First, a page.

Hacienda Village (founded 1949) is a defunct town located in central Broward County, Florida in the United States. It possessed both a police and fire department as well as various other municipal agencies, yet still relied heavily on Broward County for many services. It was disincorporated in 1984 (allegedly having its charter revoked after the HVPD cited an influential state representative for a traffic infraction) and was subsequently absorbed into the nearby town of Davie, Florida.
The community had a reputation for being a "speed trap." Steve Weller of the Fort Lauderdale Sun Sentinel stated that while Patton Village, Texas, an area known for a "speed trap," had reduced its monthly citation count from 1,100 to 400, "They tell me that, on a really cranky day, Hacienda Village speed trappers could issue that many tickets before lunch." The Mayor of Hacienda Village, "Red" Crise, originally from New Jersey, appointed himself the Police Chief, Fire Chief and Judge Magistrate. Crise presided over some 18 police officers as well as over a nightly traffic court.
There was a highly visible Country & Western Nightclub called, "The Hacienda Inn" housed in a large building painted with huge contrasting polka dots. "Red" Crise was the owner/operator. As you passed through the front doorway, there was a sign that said, "No Hats". Hats had been known to "cause fights". Blacklights were used for lighting all but the bandstand causing the bottles of beer and people's teeth to glow. Local C & W bands played from 9:30 p.m. until 4:00 a.m. A juke box supplied music during the band's 20 minute breaks.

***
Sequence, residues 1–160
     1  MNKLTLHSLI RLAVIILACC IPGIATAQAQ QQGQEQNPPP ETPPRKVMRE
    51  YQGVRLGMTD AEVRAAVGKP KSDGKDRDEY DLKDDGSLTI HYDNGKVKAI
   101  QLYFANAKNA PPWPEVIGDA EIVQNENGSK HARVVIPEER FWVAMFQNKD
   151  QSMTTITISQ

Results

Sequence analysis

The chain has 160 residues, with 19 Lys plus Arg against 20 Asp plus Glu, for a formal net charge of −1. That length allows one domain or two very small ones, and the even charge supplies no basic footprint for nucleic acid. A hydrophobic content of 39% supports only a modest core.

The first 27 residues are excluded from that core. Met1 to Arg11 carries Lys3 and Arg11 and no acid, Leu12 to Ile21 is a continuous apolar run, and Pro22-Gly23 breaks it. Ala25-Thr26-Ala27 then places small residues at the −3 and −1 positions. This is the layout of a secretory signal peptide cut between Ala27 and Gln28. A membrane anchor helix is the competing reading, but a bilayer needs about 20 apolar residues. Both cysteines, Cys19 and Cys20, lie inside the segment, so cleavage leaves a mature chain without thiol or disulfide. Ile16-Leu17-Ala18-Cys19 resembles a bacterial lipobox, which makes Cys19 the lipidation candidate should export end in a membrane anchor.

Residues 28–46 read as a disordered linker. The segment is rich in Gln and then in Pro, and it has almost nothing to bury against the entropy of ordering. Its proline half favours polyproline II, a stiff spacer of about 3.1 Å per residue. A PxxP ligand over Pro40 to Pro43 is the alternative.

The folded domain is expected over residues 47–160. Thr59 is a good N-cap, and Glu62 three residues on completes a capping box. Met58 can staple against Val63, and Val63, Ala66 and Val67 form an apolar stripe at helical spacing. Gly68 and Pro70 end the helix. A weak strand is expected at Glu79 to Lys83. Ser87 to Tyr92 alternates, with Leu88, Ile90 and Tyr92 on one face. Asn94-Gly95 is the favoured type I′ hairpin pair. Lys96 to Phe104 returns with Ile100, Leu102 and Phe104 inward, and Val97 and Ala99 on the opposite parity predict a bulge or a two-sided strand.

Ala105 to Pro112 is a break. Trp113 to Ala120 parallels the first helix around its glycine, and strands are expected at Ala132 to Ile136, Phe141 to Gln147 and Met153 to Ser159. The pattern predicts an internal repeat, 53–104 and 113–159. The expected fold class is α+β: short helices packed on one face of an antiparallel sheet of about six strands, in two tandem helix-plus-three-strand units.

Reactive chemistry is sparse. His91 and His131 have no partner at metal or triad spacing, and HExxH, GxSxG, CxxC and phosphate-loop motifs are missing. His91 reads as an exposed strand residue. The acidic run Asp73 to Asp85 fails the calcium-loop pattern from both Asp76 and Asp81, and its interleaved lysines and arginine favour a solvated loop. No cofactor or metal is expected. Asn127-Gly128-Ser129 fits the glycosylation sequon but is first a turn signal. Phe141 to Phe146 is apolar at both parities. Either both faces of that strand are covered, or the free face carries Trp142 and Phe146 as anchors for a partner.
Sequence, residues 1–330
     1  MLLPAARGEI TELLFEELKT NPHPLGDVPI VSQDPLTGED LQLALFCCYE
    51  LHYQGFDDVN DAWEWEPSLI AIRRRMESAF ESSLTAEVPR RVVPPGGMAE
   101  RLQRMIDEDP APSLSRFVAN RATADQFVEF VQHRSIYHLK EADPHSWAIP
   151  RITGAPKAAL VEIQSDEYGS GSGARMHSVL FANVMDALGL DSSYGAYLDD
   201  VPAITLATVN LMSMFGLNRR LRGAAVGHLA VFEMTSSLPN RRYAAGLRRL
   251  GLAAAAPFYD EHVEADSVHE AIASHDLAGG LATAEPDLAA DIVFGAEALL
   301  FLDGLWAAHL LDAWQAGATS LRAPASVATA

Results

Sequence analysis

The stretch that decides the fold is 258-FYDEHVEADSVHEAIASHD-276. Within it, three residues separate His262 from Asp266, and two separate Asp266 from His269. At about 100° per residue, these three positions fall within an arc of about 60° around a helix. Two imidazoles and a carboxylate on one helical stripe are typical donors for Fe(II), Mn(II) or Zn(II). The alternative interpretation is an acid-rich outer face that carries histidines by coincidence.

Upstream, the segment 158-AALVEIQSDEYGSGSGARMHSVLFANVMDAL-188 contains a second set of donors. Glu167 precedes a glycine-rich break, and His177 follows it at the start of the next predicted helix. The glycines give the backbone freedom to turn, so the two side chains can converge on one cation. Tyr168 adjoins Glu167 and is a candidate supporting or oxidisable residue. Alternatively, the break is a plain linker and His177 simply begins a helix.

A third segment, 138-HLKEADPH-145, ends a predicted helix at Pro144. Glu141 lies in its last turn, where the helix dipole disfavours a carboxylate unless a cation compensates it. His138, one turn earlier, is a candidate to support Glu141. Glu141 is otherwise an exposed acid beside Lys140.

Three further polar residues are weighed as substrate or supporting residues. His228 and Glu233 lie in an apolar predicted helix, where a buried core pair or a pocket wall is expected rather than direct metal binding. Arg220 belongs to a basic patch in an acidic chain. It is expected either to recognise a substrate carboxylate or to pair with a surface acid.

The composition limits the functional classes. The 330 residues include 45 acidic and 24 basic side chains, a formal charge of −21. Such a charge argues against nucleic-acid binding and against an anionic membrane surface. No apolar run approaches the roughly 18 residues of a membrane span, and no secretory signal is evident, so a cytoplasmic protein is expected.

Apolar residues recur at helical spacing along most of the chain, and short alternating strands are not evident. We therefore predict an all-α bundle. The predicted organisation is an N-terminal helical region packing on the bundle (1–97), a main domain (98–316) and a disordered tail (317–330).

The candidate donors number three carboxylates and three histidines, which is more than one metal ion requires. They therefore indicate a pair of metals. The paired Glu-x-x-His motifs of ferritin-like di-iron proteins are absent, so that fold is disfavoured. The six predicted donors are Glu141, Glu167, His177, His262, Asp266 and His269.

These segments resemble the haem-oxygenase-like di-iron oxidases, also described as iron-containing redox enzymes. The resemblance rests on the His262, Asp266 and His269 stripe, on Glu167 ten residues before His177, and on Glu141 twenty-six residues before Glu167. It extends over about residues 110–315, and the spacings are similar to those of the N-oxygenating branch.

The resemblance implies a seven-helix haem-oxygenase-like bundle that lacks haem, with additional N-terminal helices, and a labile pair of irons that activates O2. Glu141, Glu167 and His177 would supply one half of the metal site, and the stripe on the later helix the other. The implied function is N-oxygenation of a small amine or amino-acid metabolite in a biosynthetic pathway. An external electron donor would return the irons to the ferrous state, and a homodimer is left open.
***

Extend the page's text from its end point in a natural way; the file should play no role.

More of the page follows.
Hacienda Village was composed of 14 mobile homes and three junk yards. Residents were not taxed, as the town always had a healthy surplus of funds from traffic fines. The fines were a result of some fancy and obscure speed limit postings which were heavily enforced by highly efficient police officers.
As with Andytown, it was crippled by the construction of the interstate system, for the Interstate 595 spur, along the State Road 84 corridor, removed most of its revenue, rerouting traffic from SR 84 to I-595. I-595 runs from the Hollywood/Fort Lauderdale International Airport at US 1 to the junction of I-75, where it veers west towards Andytown and Naples.
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